Tasty Nepalese fare offers new culinary adventure

Chicken momo are accompanied by a spicy sesame sauce. Photo by Suzanne Parker
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Who knew that just a quick fixed-gear bike ride away from the hipster heartland, a Nepali community has been thriving? We made this discovery during a visit to the Nepali Indian Restaurant on Seneca Avenue in Ridgewood. There may be a more visible Nepali presence in the Jackson Heights/Woodside area, but a burgeoning number of Nepalis call Ridgewood home.

Nepal is an ethnically diverse country with differing cuisines eaten by different groups. The most striking difference is that the mostly Buddhist ethnic Tibetans, many of whom migrated to Nepal in the 1950s after the Communist takeover, eat beef, while the mostly Hindu Nepalis eat only lamb or goat. The Newari people, centered around Katmandu, practice a hybrid of Buddhism and Hinduism, and may eat either but who seem to favor, above all else, baji (beaten rice). The dominant flavors resemble the spices of India, but add into the mix a pronounced Chinese influence on many of the dishes.

The management of the aptly named Nepalese Indian Restaurant is Hindu, so the meat offerings are limited to lamb and goat (as well as chicken and a few seafood items), which isn’t really a limitation. The Indian items outnumber the Nepalese on the menu, but there are plenty of Nepalese goodies to sample.

This restaurant’s outstanding steamed chicken momo are formed into ruffled crescents filled with a mixture of chicken and a green vegetable that reminded us of Chinese chives. They are accompanied by a thick spicy sesame-based dipping sauce. They can also be had with a vegetable filling or fried instead of steamed. Samosas, that staple of Indian starters or snacks, are also quite nice here and can also be had with chicken or veggies.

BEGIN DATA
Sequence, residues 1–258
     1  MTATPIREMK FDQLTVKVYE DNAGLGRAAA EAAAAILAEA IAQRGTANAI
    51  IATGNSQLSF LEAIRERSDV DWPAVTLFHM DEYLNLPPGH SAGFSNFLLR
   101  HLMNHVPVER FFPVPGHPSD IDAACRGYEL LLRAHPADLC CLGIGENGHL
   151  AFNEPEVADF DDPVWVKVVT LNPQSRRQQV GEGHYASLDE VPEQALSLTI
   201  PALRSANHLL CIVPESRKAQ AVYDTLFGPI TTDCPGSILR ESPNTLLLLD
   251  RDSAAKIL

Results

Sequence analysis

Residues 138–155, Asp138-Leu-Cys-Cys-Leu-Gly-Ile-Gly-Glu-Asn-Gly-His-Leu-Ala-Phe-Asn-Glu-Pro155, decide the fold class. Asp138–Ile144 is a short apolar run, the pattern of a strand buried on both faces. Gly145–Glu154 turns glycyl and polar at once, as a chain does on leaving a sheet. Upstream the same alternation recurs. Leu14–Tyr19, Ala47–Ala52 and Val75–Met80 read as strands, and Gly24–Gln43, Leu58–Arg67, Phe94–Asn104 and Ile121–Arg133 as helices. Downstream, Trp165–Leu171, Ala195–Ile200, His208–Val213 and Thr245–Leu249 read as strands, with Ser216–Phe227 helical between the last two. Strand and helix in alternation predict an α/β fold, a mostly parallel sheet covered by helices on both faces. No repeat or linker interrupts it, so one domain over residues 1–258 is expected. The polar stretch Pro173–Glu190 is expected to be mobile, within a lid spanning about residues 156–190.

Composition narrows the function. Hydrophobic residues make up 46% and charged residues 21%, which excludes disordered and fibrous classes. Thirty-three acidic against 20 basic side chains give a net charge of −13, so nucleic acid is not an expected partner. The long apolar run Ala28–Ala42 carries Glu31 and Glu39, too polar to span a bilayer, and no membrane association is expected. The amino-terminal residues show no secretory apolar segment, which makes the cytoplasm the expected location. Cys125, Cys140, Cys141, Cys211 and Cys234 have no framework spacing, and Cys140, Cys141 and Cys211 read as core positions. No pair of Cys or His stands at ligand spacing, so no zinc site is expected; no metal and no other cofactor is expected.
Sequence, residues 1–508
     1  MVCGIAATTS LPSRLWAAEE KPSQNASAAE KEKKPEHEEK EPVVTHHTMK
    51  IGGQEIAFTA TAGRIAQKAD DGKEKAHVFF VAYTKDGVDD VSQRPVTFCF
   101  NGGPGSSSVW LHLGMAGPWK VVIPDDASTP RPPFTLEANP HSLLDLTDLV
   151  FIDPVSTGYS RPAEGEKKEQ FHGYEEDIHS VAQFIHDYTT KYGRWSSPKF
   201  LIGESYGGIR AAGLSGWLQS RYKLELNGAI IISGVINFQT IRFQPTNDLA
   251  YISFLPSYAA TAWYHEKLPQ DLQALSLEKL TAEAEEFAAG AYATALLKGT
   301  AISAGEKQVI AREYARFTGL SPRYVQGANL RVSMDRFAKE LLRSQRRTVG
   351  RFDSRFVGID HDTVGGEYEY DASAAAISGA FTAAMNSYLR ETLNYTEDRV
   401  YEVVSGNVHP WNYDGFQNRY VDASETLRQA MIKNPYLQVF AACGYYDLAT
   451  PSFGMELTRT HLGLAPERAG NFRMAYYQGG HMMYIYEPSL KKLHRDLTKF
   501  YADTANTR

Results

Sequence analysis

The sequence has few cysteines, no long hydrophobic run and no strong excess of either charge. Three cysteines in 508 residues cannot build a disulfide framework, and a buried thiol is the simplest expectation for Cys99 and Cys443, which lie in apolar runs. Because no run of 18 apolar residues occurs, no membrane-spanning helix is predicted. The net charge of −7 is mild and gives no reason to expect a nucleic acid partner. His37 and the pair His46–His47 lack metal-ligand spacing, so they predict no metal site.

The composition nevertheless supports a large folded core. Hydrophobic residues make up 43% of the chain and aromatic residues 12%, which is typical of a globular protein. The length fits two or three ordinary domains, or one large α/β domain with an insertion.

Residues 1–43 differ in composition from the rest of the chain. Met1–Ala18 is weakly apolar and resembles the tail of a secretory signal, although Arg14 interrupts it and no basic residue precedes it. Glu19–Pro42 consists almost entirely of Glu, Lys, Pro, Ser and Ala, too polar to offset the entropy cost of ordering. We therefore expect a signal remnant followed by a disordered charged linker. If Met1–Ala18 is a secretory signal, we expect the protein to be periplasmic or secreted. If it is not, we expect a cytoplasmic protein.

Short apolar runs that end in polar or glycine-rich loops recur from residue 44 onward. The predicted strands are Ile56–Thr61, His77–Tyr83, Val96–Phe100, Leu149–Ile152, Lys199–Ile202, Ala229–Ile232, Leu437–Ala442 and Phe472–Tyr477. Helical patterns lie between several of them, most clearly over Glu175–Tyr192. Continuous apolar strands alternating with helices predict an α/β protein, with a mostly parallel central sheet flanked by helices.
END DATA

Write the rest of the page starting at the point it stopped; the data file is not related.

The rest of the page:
A Tandoori mixed grill was brought sizzling to our table. All the meats on the platter were deliciously spiced and uncommonly juicy, but the standout was Hariyali, moist chunks of chicken marinated in yogurt/sour cream and intoxicating spices. The platter was small as mixed grills go, but at $14 the price was commensurately modest. Goat curry came in a satisfyingly spice sauce, although we admit to finding all the little bones annoying.

Bay Goon Bhortha is an eggplant dish we have not previously encountered. A whole eggplant is roasted, peeled, and pureed along with green pepper onion, tomato and spices. The result is a toothsome puree with a slippery texture. It works best either scooped up with naan or mixed with rice.

Getting back to the Nepali menu, we sought something typical to try. Chicken Thukpa (which also comes in goat or vegetable versions) is a noodle dish in a spicy, soy flavored broth. Its Chinese roots were apparent. The curry-ish flavor with the soy undertones makes for an intriguing and inexpensive comfort food.

The Bottom Line

If you love Indian food, you couldn’t possibly not enjoy Nepali food as well. Here they do an admirable job with both. The premises, unfortunately, haven’t been updated since its previous incarnation as a Chinese restaurant. The walls still sport murals of fishermen in sampans and views of the Great Wall. Still, it is spacious and cheerful, if not stylish. Come to this wallet-friendly spot if you would like to try some Nepalese specialties along with your Indian favorites.

Suzanne Parker is the TimesLedger’s restaurant critic and author of “Eating Like Queens: A Guide to Ethnic Dining in America’s Melting Pot, Queens, N.Y.” She can be reached by e-mail at

Nepalese Indian Restaurant

907 Seneca Ave.

Ridgewood NY, 11385


Price Range: Apps: $2--$8, Entrees: $7--$14

Cuisine: Indian & Nepalese

Setting: Repurposed Chinese restaurant

Service: Friendly & Accommodating

Hours: Open seven days 11am—11pm

Reservations: Optional

Alcohol: No

Parking: Street

Dress: Casual

Children: Welcome

Music: No

Takeout: Yes

Credit cards: Yes

Noise level: Acceptable

Handicap accessible: Yes


Posted 7:23 pm, February 28, 2013
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